25 “Woe to you, scribes and Pharisees, hypocrites! For you cleanse the outside of the cup and dish, but inside they are full of extortion and self-indulgence. 26 Blind Pharisee, first cleanse the inside of the cup and dish, that the outside of them may be clean also. 27 “Woe to you, scribes and Pharisees, hypocrites! For you are like whitewashed tombs, which indeed appear beautiful outwardly, but inside are full of dead men’s bones and all uncleanness. 28 Even so you also outwardly appear righteous to men, but inside you are full of hypocrisy and lawlessness.
Jesus did not care where they sat or how long their prayers were. He was concerned with them being clean on the inside. He did not accept them because their hearts weren’t pure, and they weren’t humble. 1 Samuel 16:7 shows that what truly matters to God is our heart:
“But the Lord said to Samuel, ‘Do not look at his appearance or at his physical stature, because I have refused him. For the Lord does not see as man sees; for man looks at the outward appearance, but the Lord looks at the heart.’”
God wants us to be humble, and He is not interested in our actions if they are not from the heart. If we are only concerned about what we achieve as a result of our actions, God has no interest in us because we are not doing it for Him, but rather for ourselves. It is meaningless. It is truly vainglory. We know this to be true because the only reason why we have the opportunity to be righteous in the first place is because God made it to be so when He sacrificed His son as a propitiation for our sins. There was nothing that we could do for ourselves to escape the wrath of God. This was a gift that we did not deserve. Therefore, we must approach God humbly, bowing down to Him in our hearts. In verse 6, Jesus says,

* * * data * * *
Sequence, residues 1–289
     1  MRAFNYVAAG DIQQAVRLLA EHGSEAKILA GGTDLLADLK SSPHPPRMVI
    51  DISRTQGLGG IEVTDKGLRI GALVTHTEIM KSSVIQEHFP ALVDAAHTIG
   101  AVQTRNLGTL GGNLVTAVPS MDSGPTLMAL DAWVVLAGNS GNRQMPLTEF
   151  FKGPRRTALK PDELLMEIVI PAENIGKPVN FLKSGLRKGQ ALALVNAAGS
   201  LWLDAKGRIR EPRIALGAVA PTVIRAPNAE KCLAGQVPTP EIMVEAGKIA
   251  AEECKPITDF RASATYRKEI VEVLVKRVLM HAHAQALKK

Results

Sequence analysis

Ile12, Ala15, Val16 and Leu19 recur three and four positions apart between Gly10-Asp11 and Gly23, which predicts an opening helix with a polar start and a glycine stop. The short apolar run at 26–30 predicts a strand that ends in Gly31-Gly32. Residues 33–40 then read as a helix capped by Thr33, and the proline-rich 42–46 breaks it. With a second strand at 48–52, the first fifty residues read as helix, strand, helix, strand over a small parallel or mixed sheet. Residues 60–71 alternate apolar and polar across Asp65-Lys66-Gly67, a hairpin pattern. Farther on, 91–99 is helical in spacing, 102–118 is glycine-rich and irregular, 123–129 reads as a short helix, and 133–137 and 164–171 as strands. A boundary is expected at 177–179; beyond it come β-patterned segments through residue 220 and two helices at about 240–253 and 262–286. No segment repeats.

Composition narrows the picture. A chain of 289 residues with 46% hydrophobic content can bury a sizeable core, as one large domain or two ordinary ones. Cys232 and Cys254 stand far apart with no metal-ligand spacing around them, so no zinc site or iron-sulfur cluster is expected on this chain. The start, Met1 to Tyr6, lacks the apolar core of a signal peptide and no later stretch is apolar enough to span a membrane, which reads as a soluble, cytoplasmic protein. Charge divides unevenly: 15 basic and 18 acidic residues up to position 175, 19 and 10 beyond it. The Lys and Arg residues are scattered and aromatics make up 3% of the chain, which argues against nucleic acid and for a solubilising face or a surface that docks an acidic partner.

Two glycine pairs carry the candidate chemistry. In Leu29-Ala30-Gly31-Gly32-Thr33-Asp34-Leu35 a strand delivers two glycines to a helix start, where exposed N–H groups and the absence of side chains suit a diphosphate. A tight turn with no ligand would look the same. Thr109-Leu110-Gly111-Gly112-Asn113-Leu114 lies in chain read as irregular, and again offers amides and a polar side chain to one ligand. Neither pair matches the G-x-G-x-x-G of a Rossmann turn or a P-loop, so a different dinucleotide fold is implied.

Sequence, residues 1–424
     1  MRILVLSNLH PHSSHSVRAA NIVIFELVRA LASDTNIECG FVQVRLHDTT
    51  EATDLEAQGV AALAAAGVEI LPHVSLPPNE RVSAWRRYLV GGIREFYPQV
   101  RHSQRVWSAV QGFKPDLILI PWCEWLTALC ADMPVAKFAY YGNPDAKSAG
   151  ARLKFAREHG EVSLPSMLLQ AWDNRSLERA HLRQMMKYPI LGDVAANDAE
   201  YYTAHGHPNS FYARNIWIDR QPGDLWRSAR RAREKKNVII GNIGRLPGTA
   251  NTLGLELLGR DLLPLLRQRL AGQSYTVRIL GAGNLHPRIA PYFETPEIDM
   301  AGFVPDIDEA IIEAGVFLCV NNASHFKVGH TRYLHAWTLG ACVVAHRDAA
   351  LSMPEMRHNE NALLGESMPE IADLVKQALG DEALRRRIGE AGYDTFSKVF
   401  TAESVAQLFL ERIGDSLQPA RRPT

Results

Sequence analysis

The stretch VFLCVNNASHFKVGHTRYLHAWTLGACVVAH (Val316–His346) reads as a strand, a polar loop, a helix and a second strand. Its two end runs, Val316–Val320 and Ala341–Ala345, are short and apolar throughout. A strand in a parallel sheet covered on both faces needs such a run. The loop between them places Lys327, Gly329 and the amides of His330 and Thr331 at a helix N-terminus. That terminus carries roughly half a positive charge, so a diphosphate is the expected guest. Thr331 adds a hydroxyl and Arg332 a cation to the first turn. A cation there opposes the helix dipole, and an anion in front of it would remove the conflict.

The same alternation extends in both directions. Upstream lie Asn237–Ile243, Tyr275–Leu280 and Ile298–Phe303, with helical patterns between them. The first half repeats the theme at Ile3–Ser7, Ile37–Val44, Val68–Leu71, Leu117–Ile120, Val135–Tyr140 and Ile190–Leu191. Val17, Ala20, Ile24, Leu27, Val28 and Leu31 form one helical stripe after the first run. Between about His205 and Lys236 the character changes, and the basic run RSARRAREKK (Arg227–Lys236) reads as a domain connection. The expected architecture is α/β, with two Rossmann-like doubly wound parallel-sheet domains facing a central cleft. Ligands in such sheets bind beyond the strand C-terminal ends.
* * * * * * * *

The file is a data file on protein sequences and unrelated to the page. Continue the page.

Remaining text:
“But you, when you pray, go into your room, and when you have shut your door, pray to your Father who is in the secret place; and your Father who sees in secret will reward you openly.”
This verse is not telling us that we cannot pray in public because we certainly do this anytime we gather to worship the Lord. What’s important is that we do not seek the approval of man, but rather the approval of God. Additionally, we are not expected to be humble only when we pray, but also when we participate in acts of worship, such as singing, or when we do good deeds for others (verses 1-4):
1 “Take heed that you do not do your charitable deeds before men, to be seen by them. Otherwise you have no reward from your Father in heaven. 2 Therefore, when you do a charitable deed, do not sound a trumpet before you as the hypocrites do in the synagogues and in the streets, that they may have glory from men. Assuredly, I say to you, they have their reward. 3 But when you do a charitable deed, do not let your left hand know what your right hand is doing, 4 that your charitable deed may be in secret; and your Father who sees in secret will Himself reward you openly.
The story of the prophets of Baal in 1 Kings 18 teaches us that when our worship is directed to the true God with the right attitude, He will accept it and reward us accordingly. Although the four hundred and fifty prophets of Baal performed prescribed extravagant and repetitious acts, their god did not manifest himself. However, when Elijah the prophet set up an altar in the name of the Lord God of Abraham, Isaac, and Israel, and prayed that He would show the people of Israel His power so that they would turn their hearts back to Him, the Lord responded.
It is interesting to see the stark difference between the two acts: hundreds of men performing extravagant acts for a false god versus one man performing a simple act for the one true God. We can see the power of God in just a simple action, without having to resort to long extravagant acts of praise and worship as if it were the only way God could hear us. We do not have to prescribe a formula in order to get God’s attention. We see this in modern day in the Catholic Church, where they prescribe formulas of “Hail Mary’s” and “Our Fathers” in order to receive a desired outcome from God. In Islam, Muslims are required to pray five times a day, bowing repeatedly, in the direction of Mecca. These acts are certainly examples of vainglory and vain repetition in worship that are not necessary, and surely God does not accept them (Matthew 23:25-28).